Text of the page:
As was the case with Coinbase a while back – which we reviewed here – the SEC has ruled on Binance’s petition to dismiss the regulator’s lawsuit on the grounds that the exchange has broken the law.
However, the SEC has interpreted the petition as ridiculous.
Binance’s arguments were based on a legal analysis that, according to the SEC, is completely incorrect. Indeed, in a court filing last November 7, the regulator rejected a previous similar attempt by Binance. According to the SEC, no court would adopt what it describes as a twisted interpretation. In June of this year, the SEC filed its lawsuit alleging that Binance, Binnance.US and its founder, Changpeng “CZ” Zhao, had sold unregistered securities without registering as an exchange in the United States. Against this, Binance argued that the SEC had failed to file appropriate guidelines for cryptocurrencies, while questionably interpreting securities laws as they apply to cryptocurrencies, which led it to call its lawsuit a clear case of abuse of authority.
In response, the SEC countered by stating that Binance would have been in breach of federal securities laws, which would constitute a deliberate choice by the company itself. “Binance’s Chief Compliance Officer,” the statement continued, “rudely but succinctly summed up this case when he admitted that Binance was ‘operating as an unauthorized securities exchange’ in the U.S., bro’. He was right.” Thus, he added that Binance’s arguments comparing cryptocurrencies “to supermarket items like oranges (…) are absurd,” as well as that Binance’s cryptocurrency sales should be considered investment contracts under the Howey Test – which we explained in the aforementioned publication.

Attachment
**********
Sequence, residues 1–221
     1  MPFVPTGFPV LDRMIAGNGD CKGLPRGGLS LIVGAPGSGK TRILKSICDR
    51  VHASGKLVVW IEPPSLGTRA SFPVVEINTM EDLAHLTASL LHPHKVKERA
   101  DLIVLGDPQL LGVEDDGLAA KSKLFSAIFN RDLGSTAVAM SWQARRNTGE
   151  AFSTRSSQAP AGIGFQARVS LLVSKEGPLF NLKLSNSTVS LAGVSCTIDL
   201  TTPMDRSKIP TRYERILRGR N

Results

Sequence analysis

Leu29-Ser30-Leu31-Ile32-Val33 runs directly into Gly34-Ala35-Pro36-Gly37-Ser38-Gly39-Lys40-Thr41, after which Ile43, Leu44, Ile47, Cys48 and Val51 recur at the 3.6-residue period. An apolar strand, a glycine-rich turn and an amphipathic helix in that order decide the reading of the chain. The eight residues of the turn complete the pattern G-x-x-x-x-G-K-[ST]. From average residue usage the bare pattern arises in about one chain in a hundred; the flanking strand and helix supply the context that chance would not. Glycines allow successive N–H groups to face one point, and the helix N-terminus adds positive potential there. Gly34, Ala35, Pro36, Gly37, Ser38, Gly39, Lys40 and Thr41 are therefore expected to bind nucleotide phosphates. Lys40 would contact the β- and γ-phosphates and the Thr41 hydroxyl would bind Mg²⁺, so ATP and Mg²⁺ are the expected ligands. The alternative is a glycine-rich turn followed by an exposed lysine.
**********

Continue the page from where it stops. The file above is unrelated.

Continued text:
The SEC, in effect, insisted that BNB’s initial coin offering harmed securities law, just as Binance USD in conjunction with performance-generating programs such as Vault and Earn constituted investment contracts.
An extract from the SEC’s statement reads as follows
As alleged in the Complaint, Defendants established two crypto asset trading platforms, the Binance.com Platform and the Binance.US Platform (collectively, “Binance Platforms”), where they have made crypto assets available for trading by investors in the United States and around the world, including at least 12 crypto assets and three investment programs that are offered and sold as investment contracts and, therefore, securities under the federal securities laws as interpreted by Howey and its progeny
The SEC also rejected Binance’s argument that Binance violated the important questions doctrine, based on a 2022 US Supreme Court ruling that Congress does not delegate authority to agencies, which other cryptocurrency companies have used as an argument to curb the SEC’s authority. In the regulator’s view, recognizing Binance’s application would “wipe out decades of fundamental precedent under which the nation’s securities laws operate, bringing with it a rigid framework that would upend the current “broad and flexible regime.”
The SEC statement is available here: https://www.courtlistener.com/docket/67474542/172/securities-and-exchange-commission-v-binance-holdings-limited/